Bac LieuCarrying purulent pericardial and pulmonary disease, Dang Khoi, 10 years old, still insisted on returning, not having surgery because he was afraid that “our family would have to repay the debt”.
Unable to convince his son in every way, Mr. Nguyen Van Tet, 36 years old, had to ask for help from the doctors, asking everyone to lie so that the boy would go to the operating table.
“The doctor told the boy that there was a benefactor to finance the operation. Many aunts and uncles in the ward also contributed to reassure him, and the boy agreed,” said Mr. Tate.
It has been more than a month, until now, the face of the man living in Vinh Phu Tay commune, Phuoc Long district is still bewildered because the fatal disease hit his son’s head so suddenly. At midnight on December 15, 2021, the boy Nguyen Dang Khoi hugged his chest and went downstairs to call his father, saying that he couldn’t breathe. Mr. Tit hurriedly took his son to Phuoc Long district hospital, which was nearly 10 km away from home. Arriving at the place it was almost 2 am, the doctor diagnosed Khoi with calcium deficiency, followed up until morning, then let him go home.
But the next night, the boy still did not get better, but also tended to get worse, not only had difficulty breathing, his body began to turn purple, the left chest area was swollen. Mr. Tet took his son to the hospital in Bac Lieu province. At 3 am, his father and son came to the hospital. The doctor diagnosed Khoi with pleural effusion and pulmonary edema and needed to be transferred to Children’s Hospital 1 in Saigon urgently.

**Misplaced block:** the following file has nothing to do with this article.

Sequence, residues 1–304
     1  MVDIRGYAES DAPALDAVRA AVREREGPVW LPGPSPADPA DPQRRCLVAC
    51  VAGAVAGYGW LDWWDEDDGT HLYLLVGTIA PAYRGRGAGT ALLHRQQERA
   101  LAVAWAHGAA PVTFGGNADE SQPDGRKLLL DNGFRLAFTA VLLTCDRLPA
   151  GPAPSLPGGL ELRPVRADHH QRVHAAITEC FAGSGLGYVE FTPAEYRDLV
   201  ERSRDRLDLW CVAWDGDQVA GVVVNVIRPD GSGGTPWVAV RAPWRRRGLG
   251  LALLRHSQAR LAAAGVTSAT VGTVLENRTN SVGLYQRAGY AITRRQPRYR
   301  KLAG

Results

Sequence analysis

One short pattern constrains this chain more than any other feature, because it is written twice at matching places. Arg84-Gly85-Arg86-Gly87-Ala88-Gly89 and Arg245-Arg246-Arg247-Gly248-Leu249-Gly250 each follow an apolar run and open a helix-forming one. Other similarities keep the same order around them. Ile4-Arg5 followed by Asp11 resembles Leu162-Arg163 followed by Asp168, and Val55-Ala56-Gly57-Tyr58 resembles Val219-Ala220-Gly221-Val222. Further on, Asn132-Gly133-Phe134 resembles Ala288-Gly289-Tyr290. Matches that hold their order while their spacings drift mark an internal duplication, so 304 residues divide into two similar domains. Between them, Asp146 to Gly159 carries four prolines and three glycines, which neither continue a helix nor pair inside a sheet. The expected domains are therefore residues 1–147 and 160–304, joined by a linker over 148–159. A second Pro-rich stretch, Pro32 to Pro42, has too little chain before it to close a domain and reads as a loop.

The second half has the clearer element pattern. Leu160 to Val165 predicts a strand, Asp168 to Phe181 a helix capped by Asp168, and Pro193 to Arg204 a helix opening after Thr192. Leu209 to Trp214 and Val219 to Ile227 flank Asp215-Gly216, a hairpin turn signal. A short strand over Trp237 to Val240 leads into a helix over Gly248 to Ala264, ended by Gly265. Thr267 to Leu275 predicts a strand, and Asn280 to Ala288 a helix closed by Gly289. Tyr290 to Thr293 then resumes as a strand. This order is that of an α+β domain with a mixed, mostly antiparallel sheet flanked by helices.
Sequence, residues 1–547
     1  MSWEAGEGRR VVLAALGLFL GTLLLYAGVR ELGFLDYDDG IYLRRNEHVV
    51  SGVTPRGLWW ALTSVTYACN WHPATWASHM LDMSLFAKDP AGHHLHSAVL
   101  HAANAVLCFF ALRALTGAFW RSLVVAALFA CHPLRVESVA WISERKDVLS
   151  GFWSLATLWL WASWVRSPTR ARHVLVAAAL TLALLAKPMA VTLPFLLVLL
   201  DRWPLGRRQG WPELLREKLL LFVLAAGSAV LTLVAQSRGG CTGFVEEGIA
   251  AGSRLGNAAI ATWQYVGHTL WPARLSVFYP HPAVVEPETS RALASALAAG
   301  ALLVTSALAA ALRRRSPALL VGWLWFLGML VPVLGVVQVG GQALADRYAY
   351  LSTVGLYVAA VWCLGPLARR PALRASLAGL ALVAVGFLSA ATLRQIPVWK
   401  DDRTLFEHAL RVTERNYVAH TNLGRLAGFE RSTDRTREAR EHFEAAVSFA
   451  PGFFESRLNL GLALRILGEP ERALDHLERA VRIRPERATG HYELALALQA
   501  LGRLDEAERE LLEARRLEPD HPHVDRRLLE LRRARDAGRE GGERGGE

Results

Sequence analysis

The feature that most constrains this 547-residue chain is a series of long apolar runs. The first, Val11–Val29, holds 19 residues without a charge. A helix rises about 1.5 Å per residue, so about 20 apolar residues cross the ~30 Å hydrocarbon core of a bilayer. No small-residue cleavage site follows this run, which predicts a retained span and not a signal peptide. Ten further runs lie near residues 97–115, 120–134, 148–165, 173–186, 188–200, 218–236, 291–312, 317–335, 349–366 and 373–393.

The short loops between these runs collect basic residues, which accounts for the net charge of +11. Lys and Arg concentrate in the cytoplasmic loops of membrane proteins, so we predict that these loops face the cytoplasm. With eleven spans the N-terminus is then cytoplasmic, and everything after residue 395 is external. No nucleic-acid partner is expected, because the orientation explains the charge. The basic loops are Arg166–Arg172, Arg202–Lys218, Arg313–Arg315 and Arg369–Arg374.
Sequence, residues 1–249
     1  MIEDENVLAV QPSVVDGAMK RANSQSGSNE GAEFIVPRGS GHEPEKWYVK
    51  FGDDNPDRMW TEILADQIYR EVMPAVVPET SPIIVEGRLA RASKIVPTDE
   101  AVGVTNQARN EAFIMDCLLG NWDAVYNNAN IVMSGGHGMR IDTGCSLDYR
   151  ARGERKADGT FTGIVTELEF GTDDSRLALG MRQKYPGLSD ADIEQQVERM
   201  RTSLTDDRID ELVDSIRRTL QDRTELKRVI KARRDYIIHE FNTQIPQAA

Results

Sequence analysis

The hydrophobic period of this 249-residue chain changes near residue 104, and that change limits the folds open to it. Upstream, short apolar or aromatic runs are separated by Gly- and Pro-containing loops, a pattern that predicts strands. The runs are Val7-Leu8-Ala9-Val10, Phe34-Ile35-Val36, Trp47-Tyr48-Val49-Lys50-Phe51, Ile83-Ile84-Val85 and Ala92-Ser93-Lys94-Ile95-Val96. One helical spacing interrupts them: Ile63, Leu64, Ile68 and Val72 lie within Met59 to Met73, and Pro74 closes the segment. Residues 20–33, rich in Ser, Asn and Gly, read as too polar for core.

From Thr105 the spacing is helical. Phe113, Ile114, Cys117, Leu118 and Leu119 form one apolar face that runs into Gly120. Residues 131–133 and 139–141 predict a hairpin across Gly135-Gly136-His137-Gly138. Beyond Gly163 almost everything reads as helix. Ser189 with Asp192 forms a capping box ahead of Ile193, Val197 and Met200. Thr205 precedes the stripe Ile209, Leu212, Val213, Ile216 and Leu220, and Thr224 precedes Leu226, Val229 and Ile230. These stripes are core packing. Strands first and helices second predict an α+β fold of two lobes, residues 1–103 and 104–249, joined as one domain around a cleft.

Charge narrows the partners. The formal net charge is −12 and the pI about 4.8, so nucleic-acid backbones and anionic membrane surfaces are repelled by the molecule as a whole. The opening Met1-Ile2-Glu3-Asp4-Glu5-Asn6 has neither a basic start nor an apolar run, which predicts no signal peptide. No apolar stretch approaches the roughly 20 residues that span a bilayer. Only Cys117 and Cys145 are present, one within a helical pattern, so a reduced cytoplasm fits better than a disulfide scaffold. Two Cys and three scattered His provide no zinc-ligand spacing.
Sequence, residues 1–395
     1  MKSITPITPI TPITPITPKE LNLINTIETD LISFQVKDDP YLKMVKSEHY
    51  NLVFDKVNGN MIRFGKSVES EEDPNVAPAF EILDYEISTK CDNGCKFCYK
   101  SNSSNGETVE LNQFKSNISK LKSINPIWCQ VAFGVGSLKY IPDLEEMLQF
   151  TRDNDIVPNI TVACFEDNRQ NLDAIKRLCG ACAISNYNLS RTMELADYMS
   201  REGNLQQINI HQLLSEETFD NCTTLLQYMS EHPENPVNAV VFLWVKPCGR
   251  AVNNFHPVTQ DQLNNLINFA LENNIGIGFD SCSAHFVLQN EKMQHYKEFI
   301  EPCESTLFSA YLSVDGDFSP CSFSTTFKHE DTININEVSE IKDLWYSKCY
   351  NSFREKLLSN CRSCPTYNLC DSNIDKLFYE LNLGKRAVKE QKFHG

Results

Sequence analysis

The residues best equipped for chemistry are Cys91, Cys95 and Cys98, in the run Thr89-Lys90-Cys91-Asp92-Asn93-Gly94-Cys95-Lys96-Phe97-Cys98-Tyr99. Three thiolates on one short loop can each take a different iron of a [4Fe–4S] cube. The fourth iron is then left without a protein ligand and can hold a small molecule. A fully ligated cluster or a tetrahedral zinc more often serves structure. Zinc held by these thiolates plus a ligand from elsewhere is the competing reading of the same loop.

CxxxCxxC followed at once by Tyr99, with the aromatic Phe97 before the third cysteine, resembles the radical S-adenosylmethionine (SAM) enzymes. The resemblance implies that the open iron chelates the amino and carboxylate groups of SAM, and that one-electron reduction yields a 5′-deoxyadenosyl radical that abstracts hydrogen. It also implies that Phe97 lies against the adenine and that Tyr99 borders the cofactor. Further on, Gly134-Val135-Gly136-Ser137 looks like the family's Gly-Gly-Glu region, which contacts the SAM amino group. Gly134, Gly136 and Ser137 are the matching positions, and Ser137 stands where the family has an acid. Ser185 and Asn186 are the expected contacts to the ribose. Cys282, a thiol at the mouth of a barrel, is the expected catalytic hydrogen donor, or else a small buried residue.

Hearing the news that he had to go to Saigon, the father was startled, took out all the money in his pocket, counted 1.4 million VND, and stammered asked the doctor: “How much more money do you need?”. The doctor replied, at least more than 10 million. Mr. Tet only had to call his wife to ask to borrow money to bring up the money. In the early morning of December 17, Ms. Dep, 31 years old, his wife knocked on the door of all the neighbors’ houses for nearly 13 million, then grabbed a few clothes and rushed to the hospital to take her husband.
While sitting in the ambulance, Mr. Tet remembered that this was the second time he was allowed to go to Saigon, but ironically, both times had the destination of the hospital. He had otitis media since childhood but did not have money for definitive treatment, so 5 years ago, the disease got worse and had to go to the city for surgery.
That time, he was deaf in one ear, often had headaches, and could not do heavy work. Having no land, he and his wife work as housekeepers to raise three children. The house his family has been living in for nearly 10 years now also thanks to benefactors for financial support.
Bad health, in a month, he can only work a few days. For half a year, because of the Covid epidemic, he and his wife have almost no income. At the beginning of this new school year, because there is no money to pay tuition, the first daughter, who is about to enter 6th grade, has to drop out of school.
“My family doesn’t even have millions of money on weekdays, let alone tens of millions of dollars, but I have to take my children away. Child life is the most important, debt is to be worked and paid,” he said, even though he still knew that phrase to motivate himself. I am main.
Going to Saigon, 13 million in loan fees, after paying for the car and money for Covid-19 testing, his father and son only had nearly 5 million left.